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Early vitamin E supplementation in young but not aged mice reduces Abeta levels and amyloid deposition in a transgenic model of Alzheimer's disease.
FASEB J. 2004 Feb; 18(2):323-5.FJ

Abstract

Increased brain oxidative stress is a key feature of Alzheimer's disease (AD) and manifests predominantly as lipid peroxidation. However, clinical evidence that antioxidants can affect the clinical course of the disease is limited. In the present study, we investigated the effect of the antioxidant Vitamin E on the AD-like phenotype when given to a transgenic mouse model (Tg2576) of the disease before or after the amyloid plaques are deposited. One group of Tg2576 received Vitamin E starting at 5 months of age until they were 13 months old, the second group started at 14 months of age until they were 20 months old. Brain levels of 8,12-iso-iPF2alpha-VI, a specific marker of lipid peroxidation, were significantly reduced in both groups of mice receiving Vitamin E compared with placebo. Tg2576 administered with Vitamin E at a younger age showed a significant reduction in Abeta levels and amyloid deposition. By contrast, mice receiving the diet supplemented with Vitamin E at a later age did not show any significant difference in either marker when compared with placebo. These results support the hypothesis that oxidative stress is an important early event in AD pathogenesis, and antioxidant therapy may be beneficial only if given at this stage of the disease process.

Authors+Show Affiliations

Center for Experimental Therapeutics, Department of Pharmacology, University of Pennsylvania School of Medicine, Philadelphia, Pennsylvania 19104, USA.No affiliation info availableNo affiliation info availableNo affiliation info availableNo affiliation info availableNo affiliation info availableNo affiliation info available

Pub Type(s)

Journal Article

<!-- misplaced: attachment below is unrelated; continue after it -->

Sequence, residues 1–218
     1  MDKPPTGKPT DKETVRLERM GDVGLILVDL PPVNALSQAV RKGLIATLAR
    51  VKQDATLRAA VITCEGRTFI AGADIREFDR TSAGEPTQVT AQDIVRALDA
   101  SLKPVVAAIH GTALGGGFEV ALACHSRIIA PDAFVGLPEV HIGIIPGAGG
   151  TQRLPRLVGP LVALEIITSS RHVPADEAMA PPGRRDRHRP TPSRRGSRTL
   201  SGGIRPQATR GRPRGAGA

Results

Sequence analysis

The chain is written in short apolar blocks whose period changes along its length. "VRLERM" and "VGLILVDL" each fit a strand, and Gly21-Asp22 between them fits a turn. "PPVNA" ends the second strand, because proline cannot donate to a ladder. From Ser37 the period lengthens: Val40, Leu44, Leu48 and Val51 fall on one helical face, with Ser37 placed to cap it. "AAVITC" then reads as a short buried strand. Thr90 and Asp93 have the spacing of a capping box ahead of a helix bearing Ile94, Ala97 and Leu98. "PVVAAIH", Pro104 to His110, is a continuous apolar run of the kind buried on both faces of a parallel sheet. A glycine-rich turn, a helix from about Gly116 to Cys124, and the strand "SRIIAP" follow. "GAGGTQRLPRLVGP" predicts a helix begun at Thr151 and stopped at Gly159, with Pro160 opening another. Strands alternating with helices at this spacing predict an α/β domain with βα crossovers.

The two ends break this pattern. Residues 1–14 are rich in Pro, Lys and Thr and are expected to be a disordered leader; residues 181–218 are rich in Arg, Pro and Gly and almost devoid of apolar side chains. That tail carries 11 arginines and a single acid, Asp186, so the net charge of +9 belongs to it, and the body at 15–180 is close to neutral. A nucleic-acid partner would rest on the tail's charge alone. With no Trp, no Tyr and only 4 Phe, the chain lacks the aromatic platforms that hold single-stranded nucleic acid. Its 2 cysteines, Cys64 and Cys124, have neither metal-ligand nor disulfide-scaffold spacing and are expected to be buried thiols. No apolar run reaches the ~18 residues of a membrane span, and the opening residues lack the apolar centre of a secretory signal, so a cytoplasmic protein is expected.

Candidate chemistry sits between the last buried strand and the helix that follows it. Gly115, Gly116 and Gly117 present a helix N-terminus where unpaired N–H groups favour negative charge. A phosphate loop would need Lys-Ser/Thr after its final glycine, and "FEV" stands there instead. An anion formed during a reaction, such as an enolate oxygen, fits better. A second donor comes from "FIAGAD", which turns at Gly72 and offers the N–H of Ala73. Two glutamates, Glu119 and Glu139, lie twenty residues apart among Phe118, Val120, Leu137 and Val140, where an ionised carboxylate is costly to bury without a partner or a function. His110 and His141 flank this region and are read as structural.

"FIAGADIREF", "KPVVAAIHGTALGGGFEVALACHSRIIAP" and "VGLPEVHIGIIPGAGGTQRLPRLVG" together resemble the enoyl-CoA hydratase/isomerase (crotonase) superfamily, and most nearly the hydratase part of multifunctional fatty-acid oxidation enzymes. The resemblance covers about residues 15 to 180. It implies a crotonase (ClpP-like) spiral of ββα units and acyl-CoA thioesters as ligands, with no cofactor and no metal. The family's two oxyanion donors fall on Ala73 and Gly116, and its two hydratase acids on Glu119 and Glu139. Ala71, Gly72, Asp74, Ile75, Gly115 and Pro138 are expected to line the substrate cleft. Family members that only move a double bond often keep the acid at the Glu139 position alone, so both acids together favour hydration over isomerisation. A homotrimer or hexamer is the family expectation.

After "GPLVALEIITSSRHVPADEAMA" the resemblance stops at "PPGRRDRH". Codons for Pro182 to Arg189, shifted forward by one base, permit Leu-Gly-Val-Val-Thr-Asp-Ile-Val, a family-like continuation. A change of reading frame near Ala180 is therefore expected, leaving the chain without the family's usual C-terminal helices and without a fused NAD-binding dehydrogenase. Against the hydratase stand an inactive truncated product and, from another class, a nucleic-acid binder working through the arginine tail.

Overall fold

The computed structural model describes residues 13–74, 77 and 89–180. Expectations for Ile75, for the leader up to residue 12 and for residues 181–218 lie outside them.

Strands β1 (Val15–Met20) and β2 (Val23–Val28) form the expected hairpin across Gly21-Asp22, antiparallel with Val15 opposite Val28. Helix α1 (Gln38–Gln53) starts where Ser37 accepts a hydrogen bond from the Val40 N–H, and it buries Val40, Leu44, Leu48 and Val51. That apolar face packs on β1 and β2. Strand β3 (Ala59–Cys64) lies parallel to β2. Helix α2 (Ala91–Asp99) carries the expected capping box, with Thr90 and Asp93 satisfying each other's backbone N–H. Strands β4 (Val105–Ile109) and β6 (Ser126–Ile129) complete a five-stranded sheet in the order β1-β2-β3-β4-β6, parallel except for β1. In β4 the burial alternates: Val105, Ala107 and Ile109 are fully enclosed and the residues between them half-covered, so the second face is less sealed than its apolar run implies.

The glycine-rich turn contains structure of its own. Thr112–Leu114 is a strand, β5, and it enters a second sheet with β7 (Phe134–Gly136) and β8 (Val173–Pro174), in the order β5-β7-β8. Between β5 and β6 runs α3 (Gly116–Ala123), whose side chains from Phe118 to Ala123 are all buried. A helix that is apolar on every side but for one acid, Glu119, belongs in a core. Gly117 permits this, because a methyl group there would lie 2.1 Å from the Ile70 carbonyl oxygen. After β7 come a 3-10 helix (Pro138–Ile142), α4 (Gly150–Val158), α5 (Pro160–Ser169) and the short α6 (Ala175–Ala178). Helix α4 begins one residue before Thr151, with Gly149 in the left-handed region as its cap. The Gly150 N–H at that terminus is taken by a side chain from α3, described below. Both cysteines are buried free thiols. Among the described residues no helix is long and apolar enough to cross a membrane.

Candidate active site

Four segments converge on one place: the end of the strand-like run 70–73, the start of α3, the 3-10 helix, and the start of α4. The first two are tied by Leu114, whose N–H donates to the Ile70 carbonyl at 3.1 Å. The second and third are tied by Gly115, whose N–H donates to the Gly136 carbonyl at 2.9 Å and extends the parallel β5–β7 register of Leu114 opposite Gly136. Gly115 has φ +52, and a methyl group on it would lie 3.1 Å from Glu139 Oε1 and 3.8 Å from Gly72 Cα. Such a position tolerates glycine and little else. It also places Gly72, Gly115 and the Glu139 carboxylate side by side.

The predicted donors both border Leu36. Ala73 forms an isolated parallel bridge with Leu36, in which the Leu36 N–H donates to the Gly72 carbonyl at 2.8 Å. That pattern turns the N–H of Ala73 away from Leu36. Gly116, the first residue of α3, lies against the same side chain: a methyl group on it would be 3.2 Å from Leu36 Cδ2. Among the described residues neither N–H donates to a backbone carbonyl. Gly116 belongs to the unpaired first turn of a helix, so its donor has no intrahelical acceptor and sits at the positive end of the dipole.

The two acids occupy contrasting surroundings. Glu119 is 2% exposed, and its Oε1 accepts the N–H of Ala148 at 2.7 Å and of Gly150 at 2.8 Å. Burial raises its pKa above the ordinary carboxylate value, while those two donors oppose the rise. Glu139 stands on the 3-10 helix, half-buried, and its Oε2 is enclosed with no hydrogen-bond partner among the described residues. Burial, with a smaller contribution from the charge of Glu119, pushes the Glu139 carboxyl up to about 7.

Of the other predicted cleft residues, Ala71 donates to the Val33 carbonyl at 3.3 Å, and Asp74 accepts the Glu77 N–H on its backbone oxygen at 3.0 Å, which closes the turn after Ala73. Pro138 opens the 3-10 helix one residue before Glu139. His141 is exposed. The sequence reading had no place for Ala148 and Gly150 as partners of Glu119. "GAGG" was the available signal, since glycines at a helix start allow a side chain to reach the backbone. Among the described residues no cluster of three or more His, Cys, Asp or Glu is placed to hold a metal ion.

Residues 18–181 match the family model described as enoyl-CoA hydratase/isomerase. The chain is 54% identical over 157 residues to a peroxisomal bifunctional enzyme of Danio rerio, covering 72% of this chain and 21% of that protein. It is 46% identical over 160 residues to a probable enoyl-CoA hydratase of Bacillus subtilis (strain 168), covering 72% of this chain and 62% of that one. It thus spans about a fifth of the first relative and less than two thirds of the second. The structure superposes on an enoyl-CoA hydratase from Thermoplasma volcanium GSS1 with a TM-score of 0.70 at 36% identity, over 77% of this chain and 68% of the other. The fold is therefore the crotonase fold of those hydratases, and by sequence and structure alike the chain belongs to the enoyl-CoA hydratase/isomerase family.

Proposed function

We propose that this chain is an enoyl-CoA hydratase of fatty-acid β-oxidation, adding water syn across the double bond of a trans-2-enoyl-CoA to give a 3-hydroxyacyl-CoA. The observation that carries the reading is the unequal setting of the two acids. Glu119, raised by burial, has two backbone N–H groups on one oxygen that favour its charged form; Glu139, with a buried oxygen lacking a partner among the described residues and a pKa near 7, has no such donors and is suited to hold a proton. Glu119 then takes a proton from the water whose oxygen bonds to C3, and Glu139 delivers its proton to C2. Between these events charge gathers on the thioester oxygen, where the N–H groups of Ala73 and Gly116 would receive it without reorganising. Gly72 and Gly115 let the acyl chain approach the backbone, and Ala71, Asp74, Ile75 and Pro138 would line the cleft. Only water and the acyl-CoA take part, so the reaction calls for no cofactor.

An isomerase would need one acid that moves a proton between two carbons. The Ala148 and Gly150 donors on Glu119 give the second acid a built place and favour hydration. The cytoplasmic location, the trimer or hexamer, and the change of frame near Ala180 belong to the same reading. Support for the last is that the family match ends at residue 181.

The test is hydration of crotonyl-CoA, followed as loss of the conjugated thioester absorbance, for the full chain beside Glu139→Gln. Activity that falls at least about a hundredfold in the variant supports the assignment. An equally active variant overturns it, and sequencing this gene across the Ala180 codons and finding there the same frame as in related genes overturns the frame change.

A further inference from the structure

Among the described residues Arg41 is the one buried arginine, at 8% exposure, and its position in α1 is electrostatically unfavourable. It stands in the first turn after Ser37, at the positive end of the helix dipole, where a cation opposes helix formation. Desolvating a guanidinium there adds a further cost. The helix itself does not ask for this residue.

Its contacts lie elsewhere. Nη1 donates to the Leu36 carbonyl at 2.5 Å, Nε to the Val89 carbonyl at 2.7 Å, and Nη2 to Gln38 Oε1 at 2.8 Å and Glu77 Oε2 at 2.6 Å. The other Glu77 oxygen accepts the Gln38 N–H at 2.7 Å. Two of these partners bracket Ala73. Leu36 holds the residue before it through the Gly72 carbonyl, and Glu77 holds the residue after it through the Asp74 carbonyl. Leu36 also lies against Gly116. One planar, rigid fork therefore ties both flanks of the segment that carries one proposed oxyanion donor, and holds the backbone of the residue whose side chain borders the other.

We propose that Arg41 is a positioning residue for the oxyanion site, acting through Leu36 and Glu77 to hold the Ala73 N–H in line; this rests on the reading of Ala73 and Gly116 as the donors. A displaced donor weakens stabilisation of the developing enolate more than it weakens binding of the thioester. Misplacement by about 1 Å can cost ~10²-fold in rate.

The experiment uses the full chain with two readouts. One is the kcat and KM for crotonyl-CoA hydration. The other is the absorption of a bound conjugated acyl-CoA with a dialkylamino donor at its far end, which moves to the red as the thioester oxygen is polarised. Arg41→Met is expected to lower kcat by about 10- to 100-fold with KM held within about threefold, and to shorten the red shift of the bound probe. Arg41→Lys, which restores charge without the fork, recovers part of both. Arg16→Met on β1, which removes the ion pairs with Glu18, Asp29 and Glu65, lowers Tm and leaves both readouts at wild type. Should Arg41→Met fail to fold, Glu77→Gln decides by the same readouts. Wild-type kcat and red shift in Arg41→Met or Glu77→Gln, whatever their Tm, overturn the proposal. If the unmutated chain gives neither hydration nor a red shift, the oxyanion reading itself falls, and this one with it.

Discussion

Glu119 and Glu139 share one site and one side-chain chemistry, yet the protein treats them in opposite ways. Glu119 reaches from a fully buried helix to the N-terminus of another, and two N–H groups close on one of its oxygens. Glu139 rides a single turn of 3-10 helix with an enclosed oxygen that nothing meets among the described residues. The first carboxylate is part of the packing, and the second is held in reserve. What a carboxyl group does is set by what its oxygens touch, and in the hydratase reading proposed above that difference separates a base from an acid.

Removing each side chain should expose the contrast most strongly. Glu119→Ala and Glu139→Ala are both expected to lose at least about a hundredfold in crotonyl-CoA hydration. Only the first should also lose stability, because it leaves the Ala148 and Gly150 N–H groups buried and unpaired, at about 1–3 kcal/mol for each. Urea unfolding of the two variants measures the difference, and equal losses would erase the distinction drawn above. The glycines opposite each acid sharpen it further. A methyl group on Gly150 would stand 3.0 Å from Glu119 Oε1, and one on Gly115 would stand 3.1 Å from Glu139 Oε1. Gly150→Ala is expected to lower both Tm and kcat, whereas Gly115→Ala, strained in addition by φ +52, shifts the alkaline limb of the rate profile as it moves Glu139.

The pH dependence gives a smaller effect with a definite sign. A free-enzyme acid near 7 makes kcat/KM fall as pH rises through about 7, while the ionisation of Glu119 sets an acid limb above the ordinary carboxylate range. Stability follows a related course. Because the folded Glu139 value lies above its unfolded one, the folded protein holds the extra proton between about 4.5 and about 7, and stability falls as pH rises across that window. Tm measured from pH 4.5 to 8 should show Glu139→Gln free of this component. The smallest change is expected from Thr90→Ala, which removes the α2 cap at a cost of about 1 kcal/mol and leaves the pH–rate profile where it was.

Language

eng

PubMed ID

14656990

Citation

Sung, Syuan, et al. "Early Vitamin E Supplementation in Young but Not Aged Mice Reduces Abeta Levels and Amyloid Deposition in a Transgenic Model of Alzheimer's Disease." FASEB Journal : Official Publication of the Federation of American Societies for Experimental Biology, vol. 18, no. 2, 2004, pp. 323-5.
Sung S, Yao Y, Uryu K, et al. Early vitamin E supplementation in young but not aged mice reduces Abeta levels and amyloid deposition in a transgenic model of Alzheimer's disease. FASEB J. 2004;18(2):323-5.
Sung, S., Yao, Y., Uryu, K., Yang, H., Lee, V. M., Trojanowski, J. Q., & Praticò, D. (2004). Early vitamin E supplementation in young but not aged mice reduces Abeta levels and amyloid deposition in a transgenic model of Alzheimer's disease. FASEB Journal : Official Publication of the Federation of American Societies for Experimental Biology, 18(2), 323-5.
Sung S, et al. Early Vitamin E Supplementation in Young but Not Aged Mice Reduces Abeta Levels and Amyloid Deposition in a Transgenic Model of Alzheimer's Disease. FASEB J. 2004;18(2):323-5. PubMed PMID: 14656990.
* Article titles in AMA citation format should be in sentence-case
TY - JOUR T1 - Early vitamin E supplementation in young but not aged mice reduces Abeta levels and amyloid deposition in a transgenic model of Alzheimer's disease. AU - Sung,Syuan, AU - Yao,Yuemang, AU - Uryu,Kunihiro, AU - Yang,Hengxuan, AU - Lee,Virginia M-Y, AU - Trojanowski,John Q, AU - Praticò,Domenico, Y1 - 2003/12/04/ PY - 2003/12/6/pubmed PY - 2004/2/26/medline PY - 2003/12/6/entrez SP - 323 EP - 5 JF - FASEB journal : official publication of the Federation of American Societies for Experimental Biology JO - FASEB J VL - 18 IS - 2 N2 - Increased brain oxidative stress is a key feature of Alzheimer's disease (AD) and manifests predominantly as lipid peroxidation. However, clinical evidence that antioxidants can affect the clinical course of the disease is limited. In the present study, we investigated the effect of the antioxidant Vitamin E on the AD-like phenotype when given to a transgenic mouse model (Tg2576) of the disease before or after the amyloid plaques are deposited. One group of Tg2576 received Vitamin E starting at 5 months of age until they were 13 months old, the second group started at 14 months of age until they were 20 months old. Brain levels of 8,12-iso-iPF2alpha-VI, a specific marker of lipid peroxidation, were significantly reduced in both groups of mice receiving Vitamin E compared with placebo. Tg2576 administered with Vitamin E at a younger age showed a significant reduction in Abeta levels and amyloid deposition. By contrast, mice receiving the diet supplemented with Vitamin E at a later age did not show any significant difference in either marker when compared with placebo. These results support the hypothesis that oxidative stress is an important early event in AD pathogenesis, and antioxidant therapy may be beneficial only if given at this stage of the disease process. SN - 1530-6860 UR - https://www.unboundmedicine.com/medline/citation/14656990/Early_vitamin_E_supplementation_in_young_but_not_aged_mice_reduces_Abeta_levels_and_amyloid_deposition_in_a_transgenic_model_of_Alzheimer's_disease_ L2 - https://doi.org/10.1096/fj.03-0961fje DB - PRIME DP - Unbound Medicine ER -